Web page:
Tales from the Trail

Ex-Attorney General Gonzales backs CIA prison abuse probe

September 1, 2009

U.S. Attorney General Eric Holder has been under fire in some circles for naming a special prosecutor to investigate alleged abuses of prisoners by CIA interrogators or contractors, but on Tuesday he got some unexpected support from a former Bush administration official.

USA-MEXICO/DRUGSFormer Attorney General Alberto Gonzales who oversaw the Justice Department or was White House counsel during the period when some of the controversial interrogation techniques were authorized — such as lengthy sleep deprivation and repeated waterboarding – in a radio interview backed Holder’s decision to review the cases that went outside the limits set.

“We worked very hard to establish ground rules and parameters about how to deal with terrorists,” Gonzales said in an interview with The Washington Times’ “America’s Morning News” radio show.

“And if people go beyond that, I think it is legitimate to question and examine that conduct to ensure people are held accountable for their actions, even if it’s action in prosecuting the war on terror.”

In new details released last week from a CIA inspector general report, among the most controversial interrogation methods were brandishing a gun in front of a prisoner, using  a power drill to intimidate a blindfolded prisoner, and threatening to hurt their families.

Gonzales said that despite the potential “chilling effect” the probe could have on CIA officers seeking intelligence during interrogations, those who went beyond permitted interrogation techniques should be investigated.

He also said that he believed that Holder was only concerned about those who went beyond approved techniques.

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Photo credit: Reuters/Larry Downing (Attorney General Eric Holder)

Comments
9 comments so far | RSS Comments RSS

Is this another example were we see Obama hide behind his appointees,hoping if the decision back fires he can distance him self? He tried this approach when he allocated the drafting of the government health care plan to congress and look at the problems it has caused him!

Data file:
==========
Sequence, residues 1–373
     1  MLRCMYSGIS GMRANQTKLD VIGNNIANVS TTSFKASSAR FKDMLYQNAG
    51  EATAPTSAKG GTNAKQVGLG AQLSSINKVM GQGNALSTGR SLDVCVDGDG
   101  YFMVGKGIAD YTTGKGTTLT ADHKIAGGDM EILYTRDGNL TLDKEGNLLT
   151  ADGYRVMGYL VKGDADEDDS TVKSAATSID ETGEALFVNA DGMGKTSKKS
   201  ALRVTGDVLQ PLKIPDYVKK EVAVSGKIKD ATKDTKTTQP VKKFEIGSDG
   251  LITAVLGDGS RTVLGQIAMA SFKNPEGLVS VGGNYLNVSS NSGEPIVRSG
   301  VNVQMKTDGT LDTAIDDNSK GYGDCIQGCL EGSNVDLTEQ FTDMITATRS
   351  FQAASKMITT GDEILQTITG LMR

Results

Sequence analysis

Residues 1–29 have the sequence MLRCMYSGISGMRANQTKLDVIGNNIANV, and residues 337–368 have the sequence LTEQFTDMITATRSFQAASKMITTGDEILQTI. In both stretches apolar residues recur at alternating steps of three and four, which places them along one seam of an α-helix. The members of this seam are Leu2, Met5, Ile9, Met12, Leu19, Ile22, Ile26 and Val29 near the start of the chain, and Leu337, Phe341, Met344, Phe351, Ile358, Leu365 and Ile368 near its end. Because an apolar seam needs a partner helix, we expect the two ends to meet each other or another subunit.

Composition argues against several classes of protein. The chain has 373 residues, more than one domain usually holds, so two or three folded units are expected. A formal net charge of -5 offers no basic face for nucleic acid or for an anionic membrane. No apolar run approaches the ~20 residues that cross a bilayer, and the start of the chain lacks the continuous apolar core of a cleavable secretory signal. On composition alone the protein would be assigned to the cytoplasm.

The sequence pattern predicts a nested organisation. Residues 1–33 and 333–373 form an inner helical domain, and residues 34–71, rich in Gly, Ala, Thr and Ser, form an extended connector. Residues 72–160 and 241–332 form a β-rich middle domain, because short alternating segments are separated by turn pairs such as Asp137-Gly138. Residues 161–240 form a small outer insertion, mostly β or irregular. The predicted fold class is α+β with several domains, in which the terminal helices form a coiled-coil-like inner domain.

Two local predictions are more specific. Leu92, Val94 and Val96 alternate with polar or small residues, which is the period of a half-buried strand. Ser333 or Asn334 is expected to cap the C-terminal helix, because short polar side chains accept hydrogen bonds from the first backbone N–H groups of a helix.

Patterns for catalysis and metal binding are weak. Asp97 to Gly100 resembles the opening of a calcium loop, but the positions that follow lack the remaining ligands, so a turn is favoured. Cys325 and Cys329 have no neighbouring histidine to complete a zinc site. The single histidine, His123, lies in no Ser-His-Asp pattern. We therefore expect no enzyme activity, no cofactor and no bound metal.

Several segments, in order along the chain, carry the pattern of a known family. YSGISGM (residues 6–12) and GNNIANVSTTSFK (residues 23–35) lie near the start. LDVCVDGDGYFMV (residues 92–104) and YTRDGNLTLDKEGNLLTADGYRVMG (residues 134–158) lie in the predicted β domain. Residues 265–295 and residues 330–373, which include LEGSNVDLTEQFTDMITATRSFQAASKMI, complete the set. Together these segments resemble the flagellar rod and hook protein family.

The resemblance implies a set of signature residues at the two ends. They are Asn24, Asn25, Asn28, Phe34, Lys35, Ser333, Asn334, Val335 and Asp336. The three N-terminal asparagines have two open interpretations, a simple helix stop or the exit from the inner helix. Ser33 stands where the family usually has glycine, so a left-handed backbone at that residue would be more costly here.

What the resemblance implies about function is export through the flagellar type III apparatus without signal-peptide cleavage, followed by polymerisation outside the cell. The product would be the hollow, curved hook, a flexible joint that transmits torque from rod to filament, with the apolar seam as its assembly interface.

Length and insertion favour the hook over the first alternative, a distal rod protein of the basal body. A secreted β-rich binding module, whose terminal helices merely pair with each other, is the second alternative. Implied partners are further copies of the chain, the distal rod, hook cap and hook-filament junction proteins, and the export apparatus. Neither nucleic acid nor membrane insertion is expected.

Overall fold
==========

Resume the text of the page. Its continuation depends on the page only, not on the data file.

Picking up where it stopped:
Posted by brian lee | Report as abusive
 

What a sleaze. Gonzales is willing to sacrifice the CIA agents that carried out the illegal torture authorized by Bush/Cheney’s Justice Dept. This would be a joke if it were not such a serious matter. There is a related post at http://iamsoannoyed.com/?page_id=588

Posted by carly | Report as abusive
 

The Atty. Generals are ganging up on the “bad apples” who tortured beyond the memos to protect the lawyers who wrote the memos. The torture never stops…

 

Wow! Gonzales is as much a clueless incompetent out of office as he was in office …

Posted by WB | Report as abusive
 

According to Gonzales:

“those (CIA officers) who went beyond permitted interrogation techniques should be investigated.”

According to current CIA Director Panetta the entire IG report has been in the hands of the Department of Justice since 2004.

The Justice Department investigated and declined to prosecute.

Well, at least we know there was no political interference in that decision — since the guy who was in charge of DOJ — Gonzales — seems unaware of what his own department decided.

What a knucklehead.

Posted by Pete Sakes | Report as abusive
 

granted it’s important to support cia employees

why were cheney, libby et al. so eager to out a cia employee doing sensitive work?

Posted by horace manoor | Report as abusive
 

Boy this just goes to show how incompetent Gonzales is. It also shows how incompetent Texas Tech and their chancellor, Kent Hance is for hiring him to teach one course a year for $100,000.00. The fact that Hance is a republican lobbyist (Wickopedia) might have something to do with it.

Posted by Frank | Report as abusive
 

Ok I say let investigation go on. Imprison our nations best, or those who had the best of intentions in mind. The lesson learned from this is, we should have milk and cookies with our enemies. And if they act bad by killing our families, they get a “time out”.

Posted by bach62 | Report as abusive
 

Well, yesterday, Gonzalez was for an investigation. I guess he got a fish in his mailbox this morning. Today, he says that just because he thinks it’s “legitimate to question and examine” the interrogators’ conduct, he doesn’t endorse an investigation:

Sept 3, (Washington Times)–”I don’t support the investigation by the department because this is a matter that has already been reviewed thoroughly and because I believe that another investigation is going to harm our intelligence gathering capabilities and that’s a concern that’s shared by career intelligence officials and so for those reasons I respectfully disagree with the decision.”

Posted by TDI | Report as abusive
 

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